I have a deep connection to Little House in the Big Woods by Laura Ingalls Wilder. It connects me to my childhood, my mother and to values that I hold dear. It was a joy to be able to recreate some of my favorite scenes from the Christmas chapter through toy photography. 

“One morning Ma boiled molasses and sugar together until they made a thick syrup, and Pa brought in two pans of clean, white snow from outdoors.  Laura and Mary each had a pan, and Pa and Ma showed them how to pour the dark syrup on to the snow.  These hardened at once and were candy.”

My connection to this American story began when a teacher read it aloud to my grade school class. My mom later told me that the same teacher had read the book to her at about the same age! Shortly after this introduction to the series, I began to receive two hardcover books each year until I owned them all.  

 “They were too excited to sleep.  But they must sleep, or Santa Claus would not come.  So they hung their stockings by the fireplace, and said their prayers, and went to bed.”

While the adventures that Laura wrote about were exciting, the stories spoke to my young soul on a deeper level. I connected with the comfort, security, and love that she felt towards her family. These are the same feelings I feel when I look at the books and think of my own mom. I will always feel connected to her through these books and our shared experience of them. 

“Ma said, ‘Charles, those children will never get to sleep unless you play for them.’  So Pa got his fiddle.  The room was still and warm and full of firelight.  And Laura went to sleep while Pa and the fiddle were both softly singing.”

While recreating the Christmas chapter I reflected on how life seemed so much simpler then. The absence of commercialism made the holiday season about love and giving from the heart. I imagine how Ma must have felt seeing her daughters’ joy over a simple pair of hand-knitted mittens or a homemade rag doll. I want my own photos of these events to convey the feelings of comfort, security, and love that I connected to as a child.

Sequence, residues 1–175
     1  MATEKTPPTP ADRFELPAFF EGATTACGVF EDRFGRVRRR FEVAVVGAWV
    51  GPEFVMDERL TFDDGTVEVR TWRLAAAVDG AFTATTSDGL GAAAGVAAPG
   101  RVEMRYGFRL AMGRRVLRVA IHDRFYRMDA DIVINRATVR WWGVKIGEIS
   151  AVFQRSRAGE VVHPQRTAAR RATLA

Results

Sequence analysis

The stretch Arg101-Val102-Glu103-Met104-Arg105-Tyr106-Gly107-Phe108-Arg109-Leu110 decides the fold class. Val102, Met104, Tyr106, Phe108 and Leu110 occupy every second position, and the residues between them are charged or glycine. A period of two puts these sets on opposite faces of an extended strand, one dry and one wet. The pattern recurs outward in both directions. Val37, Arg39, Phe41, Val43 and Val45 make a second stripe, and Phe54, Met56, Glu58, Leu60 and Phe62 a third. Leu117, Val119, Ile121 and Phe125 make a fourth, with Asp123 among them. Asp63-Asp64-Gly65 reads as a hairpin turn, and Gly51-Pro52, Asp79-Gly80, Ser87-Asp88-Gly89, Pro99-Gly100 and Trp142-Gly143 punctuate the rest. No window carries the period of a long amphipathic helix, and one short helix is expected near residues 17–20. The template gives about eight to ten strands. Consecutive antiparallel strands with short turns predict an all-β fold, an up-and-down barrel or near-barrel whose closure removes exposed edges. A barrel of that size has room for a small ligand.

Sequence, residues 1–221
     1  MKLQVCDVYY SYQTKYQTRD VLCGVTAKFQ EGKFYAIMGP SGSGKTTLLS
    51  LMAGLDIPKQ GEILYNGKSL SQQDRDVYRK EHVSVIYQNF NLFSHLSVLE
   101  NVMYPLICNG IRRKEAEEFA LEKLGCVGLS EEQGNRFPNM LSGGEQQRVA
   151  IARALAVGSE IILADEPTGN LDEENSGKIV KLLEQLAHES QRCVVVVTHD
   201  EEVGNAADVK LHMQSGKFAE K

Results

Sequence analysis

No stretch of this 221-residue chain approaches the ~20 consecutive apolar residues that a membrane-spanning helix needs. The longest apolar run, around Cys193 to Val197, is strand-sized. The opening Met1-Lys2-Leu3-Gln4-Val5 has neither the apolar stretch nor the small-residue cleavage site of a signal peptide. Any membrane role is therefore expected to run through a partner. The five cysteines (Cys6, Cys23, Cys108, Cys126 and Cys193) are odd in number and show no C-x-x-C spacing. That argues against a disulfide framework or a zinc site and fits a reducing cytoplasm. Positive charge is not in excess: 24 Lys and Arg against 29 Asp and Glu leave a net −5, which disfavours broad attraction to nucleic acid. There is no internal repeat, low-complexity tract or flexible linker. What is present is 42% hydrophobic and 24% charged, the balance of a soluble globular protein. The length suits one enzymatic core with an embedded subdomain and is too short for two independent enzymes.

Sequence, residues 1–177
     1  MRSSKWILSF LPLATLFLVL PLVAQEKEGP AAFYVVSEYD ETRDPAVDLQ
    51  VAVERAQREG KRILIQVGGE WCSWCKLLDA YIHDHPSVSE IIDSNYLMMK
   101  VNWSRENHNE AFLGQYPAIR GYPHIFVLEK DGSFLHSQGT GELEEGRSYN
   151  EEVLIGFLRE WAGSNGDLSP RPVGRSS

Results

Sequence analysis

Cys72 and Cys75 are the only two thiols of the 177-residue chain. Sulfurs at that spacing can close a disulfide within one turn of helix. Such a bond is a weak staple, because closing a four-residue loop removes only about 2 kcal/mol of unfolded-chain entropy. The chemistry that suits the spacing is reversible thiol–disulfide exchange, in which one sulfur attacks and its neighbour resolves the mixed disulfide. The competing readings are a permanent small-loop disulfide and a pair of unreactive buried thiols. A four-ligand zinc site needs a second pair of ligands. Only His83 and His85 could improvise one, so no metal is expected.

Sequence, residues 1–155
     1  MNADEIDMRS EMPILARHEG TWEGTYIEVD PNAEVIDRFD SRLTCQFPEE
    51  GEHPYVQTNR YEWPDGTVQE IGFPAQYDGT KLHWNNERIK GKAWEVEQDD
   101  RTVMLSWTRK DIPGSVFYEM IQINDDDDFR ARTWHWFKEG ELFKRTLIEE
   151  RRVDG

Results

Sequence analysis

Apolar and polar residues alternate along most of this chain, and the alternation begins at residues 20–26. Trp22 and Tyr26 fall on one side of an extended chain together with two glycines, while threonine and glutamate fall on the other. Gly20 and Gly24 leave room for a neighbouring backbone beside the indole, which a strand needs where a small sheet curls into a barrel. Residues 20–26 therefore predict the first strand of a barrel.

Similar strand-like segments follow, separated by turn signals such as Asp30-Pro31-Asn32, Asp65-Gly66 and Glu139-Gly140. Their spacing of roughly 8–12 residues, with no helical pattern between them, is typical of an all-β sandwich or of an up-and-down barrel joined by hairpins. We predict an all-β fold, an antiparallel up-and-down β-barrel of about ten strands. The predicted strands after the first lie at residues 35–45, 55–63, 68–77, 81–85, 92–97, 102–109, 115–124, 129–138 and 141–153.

“In the morning they all woke up almost at the same moment.  They looked at their stockings and something was in them.  In each stocking there was a pair of bright red mittens, and there was a long, flat stick of red-and-white-striped peppermint candy.”

Several years ago, my husband helped me make the dollhouse and the dolls were purchased from a seller on Etsy. I completed the scene by hand stitching the clothes, quilts, stockings, and mittens. Even though my cloth dolls are poseable, they’re not able to stand on their own. Lucky for me the long dresses and rag rugs helped to hide the stands. 

 “But Laura was happiest of all.  Laura had a rag doll.  Laura sat down on the edge of the bed and held her doll.  She loved her red mittens and she loved the candy, but she loved her doll best of all.  She named her Charlotte.”

When I want one of the characters to hold an item, I must actually stitch it into place. While miniature doll food is readily available online, molasses candy was not. And because making the molasses candy is such an important part of the story, I created my own by using white felt and brown embroidery floss.  

   “For breakfast there were pancakes, and Ma made a pancake man for each one of the children.  It was exciting to watch her turn the whole little man over, quickly and carefully, on a hot griddle.  When it was done, she put it smoking hot on the plate.”

Creating each scene was a meticulous and painstaking process. One little bump and everything goes flying. But creating these scenes gave me lots of time to play with my dolls and dollhouse. How I would have loved to have this as a child!  But now, as a toy photographer I have a great excuse to play whenever I want. 

 “Today the weather was so cold that they could not play outdoors.  They all sat on the floor together and looked at the pictures in the Bible, and the pictures of all kinds of animals and birds in Pa’s big green book.”
 “Then there was Christmas dinner.  They did not need to ask for seconds.  Ma kept their plates full and let them eat all the good things they could hold.’
 “And Christmas was over.  But what a happy Christmas it had been!”

Happy holidays from me and all my friends from the Little House in the Big Woods.


You can see more of Jane’s nature and toy photography on her instagram feed: @jane.simao.14.